Diplodactylus conspicillatus LUCAS & FROST, 1897
Can you confirm these amateur observations of Diplodactylus conspicillatus?
|Higher Taxa||Diplodactylidae, Gekkota, Sauria, Squamata (lizards: geckos)|
|Common Names||Variable Fat-tailed Gecko, Burrow-plug Gecko|
|Synonym||Diplodactylus conspicillatus LUCAS & FROST 1897|
Gymnodactylus laevis STERNFELD 1925 (fide LOVERIDGE 1934)
Diplodactylus conspicillatus — LOVERIDGE 1934
Diplodactylus conspicillatus — WERMUTH 1965: 23
Diplodactylus conspicillatus — RÖSLER 1995: 80
Diplodactylus conspicillatus — COGGER 2000: 217
Diplodactylus conspicillatus — WILSON & SWAN 2010
|Distribution||Australia (New South Wales, North Territory, Queensland, South Australia, West Australia)|
Type locality: Charlotte Waters, North Territory. Map legend:
- Region according to the TDWG standard, not a precise distribution map.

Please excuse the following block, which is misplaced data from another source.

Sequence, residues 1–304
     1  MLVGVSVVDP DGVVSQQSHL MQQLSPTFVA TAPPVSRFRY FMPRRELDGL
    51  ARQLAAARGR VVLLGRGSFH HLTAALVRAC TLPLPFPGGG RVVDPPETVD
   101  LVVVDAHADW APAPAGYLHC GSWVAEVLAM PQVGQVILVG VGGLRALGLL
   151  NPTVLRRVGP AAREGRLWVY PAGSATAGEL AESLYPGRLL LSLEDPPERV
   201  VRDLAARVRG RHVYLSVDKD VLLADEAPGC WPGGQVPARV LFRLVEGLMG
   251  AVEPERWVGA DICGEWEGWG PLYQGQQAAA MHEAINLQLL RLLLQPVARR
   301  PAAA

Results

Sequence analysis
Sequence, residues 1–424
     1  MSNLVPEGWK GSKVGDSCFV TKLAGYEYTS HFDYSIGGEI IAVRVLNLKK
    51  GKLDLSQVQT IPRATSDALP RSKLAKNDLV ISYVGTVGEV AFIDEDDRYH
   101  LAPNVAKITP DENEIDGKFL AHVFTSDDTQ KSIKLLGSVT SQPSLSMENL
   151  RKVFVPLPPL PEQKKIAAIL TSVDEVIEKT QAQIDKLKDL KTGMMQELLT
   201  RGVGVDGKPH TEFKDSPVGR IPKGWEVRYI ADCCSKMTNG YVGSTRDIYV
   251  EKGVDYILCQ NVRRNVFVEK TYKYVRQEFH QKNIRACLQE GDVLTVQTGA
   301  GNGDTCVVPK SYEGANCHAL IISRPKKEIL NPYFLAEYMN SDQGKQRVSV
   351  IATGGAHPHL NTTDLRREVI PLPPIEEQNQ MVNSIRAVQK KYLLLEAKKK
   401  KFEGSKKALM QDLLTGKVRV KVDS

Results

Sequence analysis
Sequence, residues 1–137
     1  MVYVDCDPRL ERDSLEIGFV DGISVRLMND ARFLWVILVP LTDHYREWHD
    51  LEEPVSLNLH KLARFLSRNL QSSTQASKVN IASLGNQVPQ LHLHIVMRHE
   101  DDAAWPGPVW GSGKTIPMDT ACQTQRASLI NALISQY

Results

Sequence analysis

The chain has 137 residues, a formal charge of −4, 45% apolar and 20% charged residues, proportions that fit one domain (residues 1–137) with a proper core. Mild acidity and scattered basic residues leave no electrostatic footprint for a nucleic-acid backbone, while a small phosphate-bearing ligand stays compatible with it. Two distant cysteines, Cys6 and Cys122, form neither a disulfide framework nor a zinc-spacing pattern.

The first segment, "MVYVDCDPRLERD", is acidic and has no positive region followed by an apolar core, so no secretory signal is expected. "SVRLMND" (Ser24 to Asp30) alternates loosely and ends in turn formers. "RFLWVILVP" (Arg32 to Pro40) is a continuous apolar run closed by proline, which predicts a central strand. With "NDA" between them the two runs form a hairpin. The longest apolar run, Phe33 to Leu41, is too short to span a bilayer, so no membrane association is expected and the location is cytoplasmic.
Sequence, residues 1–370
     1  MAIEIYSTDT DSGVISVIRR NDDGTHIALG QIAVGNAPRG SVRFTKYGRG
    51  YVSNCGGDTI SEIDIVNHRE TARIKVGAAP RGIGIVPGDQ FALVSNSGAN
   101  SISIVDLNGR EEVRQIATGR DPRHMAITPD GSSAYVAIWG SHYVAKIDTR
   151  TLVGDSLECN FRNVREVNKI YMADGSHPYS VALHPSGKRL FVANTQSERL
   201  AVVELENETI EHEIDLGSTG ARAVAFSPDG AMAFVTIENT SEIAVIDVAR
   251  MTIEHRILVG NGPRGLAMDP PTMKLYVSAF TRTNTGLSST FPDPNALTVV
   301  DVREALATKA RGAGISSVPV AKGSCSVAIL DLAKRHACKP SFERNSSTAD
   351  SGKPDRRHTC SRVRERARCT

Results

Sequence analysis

NOTE: TDWG regions are generated automatically from the text in the distribution field and not in every cases it works well. We are working on it.
|Types||Lectotype: NMV D7535 (1897 D. c. Lucas & Frost), designated by Kluge 1967|
|Comment||Synonymy: Diplodactylus hillii LONGMAN 1915, D. platyurus PARKER 1926, and D. laevis STERNFELD 1925 have been removed from the synonymy of D. conspicillatus and revalidated by OLIVER et la. 2014.|
Diagnosis. A large member of the D. conspicillatus group (max SVL 62 mm) with a bold canthal stripe and a greatly enlarged first supralabial (contacting ventral edge of nasal scale. Mid-dorsal scales on trunk plate-like and markedly larger than smaller dorsolateral scales. Scales on nape granular and only slightly larger than granules on side of neck. Original tail spade-like and lacking an acute attenuated extension at tip. Scales on dorsal surface of tail ar- ranged in transverse rows (which usually include rows of both large and small scales). Pattern generally spotted and often with numerous dark blotches that contrast strongly with base col- our (Fig. 7A–B in OLIVER et al. 2014).
Group: (founding) member of Diplodactylus conspicillatus group.
Diet: termites, ants
Abundance: common, with more than 500 specimens collected (Pianka 2011). However, the D. conspicillatus species complex was split up into multiple species and several synonyms revalidated by OLIVER et al. 2015.